A German Jewish leader touched a sore spot in relations with Catholics on Friday when he urged Pope Benedict to open up all the Vatican's archives dealing with World War Two and the Holocaust.
Welcoming him on a historic visit to a synagogue in Cologne, Abraham Lehrer told the German-born pontiff he had a special responsibility to open files that critics say would show how much Pope Pius XII knew about the Nazi slaughter of Jews.
Jewish groups accuse Pius of turning a deaf ear to the Holocaust. The Vatican says he worked behind the scenes to save them and refrained from condemning the Nazis openly for fear of sparking reprisals across Europe.
The Vatican has opened its diplomatic archives up until 1939, the year that Pius was elected, but does not plan to unseal its wartime records until at least 2009.
"For us, a complete opening of the Vatican archives covering the period of World War Two, sixty years after the end of the Shoah (Holocaust), would be a further sign of historical conscience and would also satisfy critics," Lehrer said, reports Reuters.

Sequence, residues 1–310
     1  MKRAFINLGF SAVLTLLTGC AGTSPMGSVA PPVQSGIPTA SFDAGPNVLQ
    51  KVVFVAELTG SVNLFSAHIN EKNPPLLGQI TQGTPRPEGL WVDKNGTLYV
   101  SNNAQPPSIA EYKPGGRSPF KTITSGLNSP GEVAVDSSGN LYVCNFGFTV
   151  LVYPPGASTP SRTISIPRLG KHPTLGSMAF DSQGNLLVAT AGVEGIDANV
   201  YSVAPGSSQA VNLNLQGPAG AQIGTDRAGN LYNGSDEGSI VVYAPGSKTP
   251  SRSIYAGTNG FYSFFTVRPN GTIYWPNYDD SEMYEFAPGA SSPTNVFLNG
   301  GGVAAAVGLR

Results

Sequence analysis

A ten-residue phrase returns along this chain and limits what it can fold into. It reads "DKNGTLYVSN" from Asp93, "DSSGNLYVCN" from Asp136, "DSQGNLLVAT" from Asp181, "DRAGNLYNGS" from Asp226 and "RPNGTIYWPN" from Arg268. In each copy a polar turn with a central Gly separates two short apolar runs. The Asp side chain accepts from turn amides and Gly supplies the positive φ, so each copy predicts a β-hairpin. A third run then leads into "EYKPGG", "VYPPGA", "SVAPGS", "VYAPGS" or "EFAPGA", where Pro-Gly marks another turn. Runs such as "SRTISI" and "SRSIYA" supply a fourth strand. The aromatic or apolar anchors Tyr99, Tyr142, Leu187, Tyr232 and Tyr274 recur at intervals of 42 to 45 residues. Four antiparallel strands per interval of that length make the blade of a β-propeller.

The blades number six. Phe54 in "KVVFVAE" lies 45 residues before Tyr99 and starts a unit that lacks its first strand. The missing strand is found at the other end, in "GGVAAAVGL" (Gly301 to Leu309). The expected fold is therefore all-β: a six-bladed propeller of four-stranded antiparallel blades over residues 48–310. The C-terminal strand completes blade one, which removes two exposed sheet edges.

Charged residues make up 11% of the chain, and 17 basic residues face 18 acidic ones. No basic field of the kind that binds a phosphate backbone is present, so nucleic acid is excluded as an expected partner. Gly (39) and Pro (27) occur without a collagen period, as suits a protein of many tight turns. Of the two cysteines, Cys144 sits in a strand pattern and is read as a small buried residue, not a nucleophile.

According to CNN, Benedict, a German native who is on a four-day visit to Cologne, is the second pope to visit a synagogue. In 1986, John Paul visited Rome's main synagogue.
At the synagogue, Benedict stopped to pray before a memorial to the Holocaust, in which six million Jews were killed by the Nazi German regime before and during World War II.
Benedict said the killings were spurred by a "crazy, insane racial ideology which set out for the systematic destruction of European Jewry, including Jews from Cologne in "what is now know as the Shoah."
The "terrible events," he said, must be remembered on what is now the 60th anniversary of the liberation of the Nazi concentration camps, the gas chambers and the crematoriums, in an era when such hatred is visible.